Tiffin City Councilman and Army veteran Steve Lepard
Lepard said before recently, he never considered himself a veteran because he didn’t serve in a war.
“I look at my heroes from Attica and from other locations, they all had boots on the ground,” he said.
Every day of his life, Lepard wears a silver bracelet with the name of Staff Sergeant Dale E. Williams. Williams, an Attica native, died in Cambodia in 1970, during his second tour of duty.
Before William’s second deployment, he told Lepard he likely wouldn’t return.
“I think of him every day. For a small village, we had so many people serve in Vietnam. It was unbelievable. Four of them lived on the same road,” he said.
Lepard said he has many friends who are Seneca County veterans. He is friends with veterans from WWII and from the Korean War.
“A good friend of mine who passed away 10-12 years ago, he was a medic,” he said. “He stormed the beaches of Normandy.”
Lepard said he saw the effects of Post-Traumatic Stress Disorder on some of his friends who served in Vietnam.
“War is hell, everybody loses, regardless if you claim yourself a winner,” he said.
What branch did you serve in and why?
The Army, because my father and my uncles served in the Army. It was a family tradition. I was in from 1972-1974, I was one of the only people in my boot camp that had a two-year enlistment. They were totally unheard of, but I didn’t want to commit to any more than that. I was just out of high school.
Why did you serve?
I needed a little direction, I think. I needed something different in my life than the daily routine of factory work. It was the best decision in the world I ever made. It made a man out of me pretty darn quick. It taught me a lot of skills. Skills that I later used that I never know I would have.
What was your job/assignment?
I worked with short-range, intermediate-range nuclear warheads. I had 20 warheads that I was indirectly responsible for. Plus, I was in charge of the entire battalion’s basic load ammunition, ranging from a .45 pistol to nuclear warheads and everything in between. The warheads I was working with would’ve done 20 times the damage of the atomic bomb dropped on Hiroshima.
I was in charge of a lot of training as well. I went through a demolition course and taught officers how to destruct warheads, how to blow them up before we were overrun. Also, I did all the training for ammunition and explosives. I was in charge of the receipt, inspection, distribution and accountability of the weapons.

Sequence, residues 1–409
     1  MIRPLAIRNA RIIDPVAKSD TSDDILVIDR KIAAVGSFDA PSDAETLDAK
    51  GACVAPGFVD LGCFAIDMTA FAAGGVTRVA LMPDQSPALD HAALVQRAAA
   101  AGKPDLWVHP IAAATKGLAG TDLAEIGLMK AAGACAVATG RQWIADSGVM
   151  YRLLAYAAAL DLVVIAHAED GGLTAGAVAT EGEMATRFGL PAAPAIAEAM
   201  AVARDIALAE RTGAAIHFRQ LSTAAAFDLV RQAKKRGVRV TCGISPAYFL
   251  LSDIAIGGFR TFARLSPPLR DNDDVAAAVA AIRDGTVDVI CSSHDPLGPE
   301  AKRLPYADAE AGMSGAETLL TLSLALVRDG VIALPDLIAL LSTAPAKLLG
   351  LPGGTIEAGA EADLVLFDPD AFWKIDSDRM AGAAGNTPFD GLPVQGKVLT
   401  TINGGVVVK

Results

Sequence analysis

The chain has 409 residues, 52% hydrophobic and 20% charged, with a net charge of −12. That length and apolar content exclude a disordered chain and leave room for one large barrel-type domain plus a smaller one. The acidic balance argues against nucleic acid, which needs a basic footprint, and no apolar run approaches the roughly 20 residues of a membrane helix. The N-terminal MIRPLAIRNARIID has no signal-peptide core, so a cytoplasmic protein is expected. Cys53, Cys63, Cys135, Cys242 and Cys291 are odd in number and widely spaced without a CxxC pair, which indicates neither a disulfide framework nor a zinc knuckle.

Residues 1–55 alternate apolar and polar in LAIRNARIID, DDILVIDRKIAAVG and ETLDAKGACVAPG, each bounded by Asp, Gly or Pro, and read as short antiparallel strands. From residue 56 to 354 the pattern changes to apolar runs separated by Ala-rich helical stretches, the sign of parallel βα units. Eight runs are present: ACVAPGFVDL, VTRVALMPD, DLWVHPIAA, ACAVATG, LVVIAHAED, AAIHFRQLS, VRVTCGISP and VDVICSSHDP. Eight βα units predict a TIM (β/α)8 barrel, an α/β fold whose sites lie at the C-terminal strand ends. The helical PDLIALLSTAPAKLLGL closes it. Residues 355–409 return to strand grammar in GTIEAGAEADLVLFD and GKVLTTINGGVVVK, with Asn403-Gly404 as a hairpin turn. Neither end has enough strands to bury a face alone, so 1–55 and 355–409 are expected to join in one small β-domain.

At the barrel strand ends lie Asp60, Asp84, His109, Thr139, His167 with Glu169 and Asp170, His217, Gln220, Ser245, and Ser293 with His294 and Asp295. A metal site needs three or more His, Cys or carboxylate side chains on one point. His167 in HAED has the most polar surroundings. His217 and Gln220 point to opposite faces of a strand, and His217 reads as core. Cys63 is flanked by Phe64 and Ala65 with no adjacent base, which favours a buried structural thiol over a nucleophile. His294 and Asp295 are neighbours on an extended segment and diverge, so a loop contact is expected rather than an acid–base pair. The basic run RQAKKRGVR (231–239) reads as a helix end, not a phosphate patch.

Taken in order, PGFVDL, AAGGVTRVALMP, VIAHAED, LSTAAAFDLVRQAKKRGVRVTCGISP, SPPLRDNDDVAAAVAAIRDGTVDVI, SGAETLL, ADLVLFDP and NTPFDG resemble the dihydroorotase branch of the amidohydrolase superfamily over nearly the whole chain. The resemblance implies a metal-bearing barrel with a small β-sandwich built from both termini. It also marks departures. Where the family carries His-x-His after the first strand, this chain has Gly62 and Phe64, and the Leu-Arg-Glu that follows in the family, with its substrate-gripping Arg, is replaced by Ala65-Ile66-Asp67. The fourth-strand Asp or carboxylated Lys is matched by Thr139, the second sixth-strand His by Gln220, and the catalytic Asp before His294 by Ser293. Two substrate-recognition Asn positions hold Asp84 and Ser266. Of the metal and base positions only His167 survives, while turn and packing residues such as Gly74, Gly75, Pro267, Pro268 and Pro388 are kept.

What are some memorable moments?
The scariest moment I ever had, the first month that I was in Europe, I was assigned to a security platoon. We guarded the warhead bunkers. I was in a tower when a Black Mercedes pulled up to a fence about 20 feet away from my tower. A guy got out of the car, assembled his rifle, mounted a large scope and walked into the woods. At the time we were having a lot of issues with the enemy that we didn’t know. It was during Black September of the 1972 Olympics. We had some radicals state that they would steal a warhead or blow up ammo. I called out the 30-man backup unit for security and to track him down. We finally caught up with the guy, luckily he was the one that owned the property that leased it to the government. We definitely had a few scares.
We were the first to ever enable a warhead in a peaceful situation. It was during the nuclear agency technical standardization inspection. An international group came in and we were asked if we knew how to enable a warhead, we said yes, they said to do it. The next day after we completed the task, we were transferred to a brigade inspection team. It turned out that we (Lepard and his fellow soldier) had more knowledge, ability and leadership qualities compared to the rest of the platoon, so they moved us out.
Being a little sergeant, walking up to the lieutenant colonel and doing inspections … I was pretty proud of that, getting to wear a purple hat instead of a green one.
What were some of the challenges you faced?
When we were stationed in Europe, we were hated. The town was known as a dump site during World War II, they hated us there. Also, going back to the Black September situation, that was tough for us because during our off-duty time, we spent it just walking around town and looking for certain license plate numbers. Every day, they’d drop ten of us off, we’ll see you in about two hours and we’ll move to another location.
It was also kind of difficult for me because I was thrust into a leadership position at a young age. I kind of had to work through those situations at times. Dealing with disrespect from others that had more time in than I did. That was tough, I was a buck sergeant, but I was working in an E7 position for a short period of time. Especially with training officers, they look down having a buck sergeant instruct them.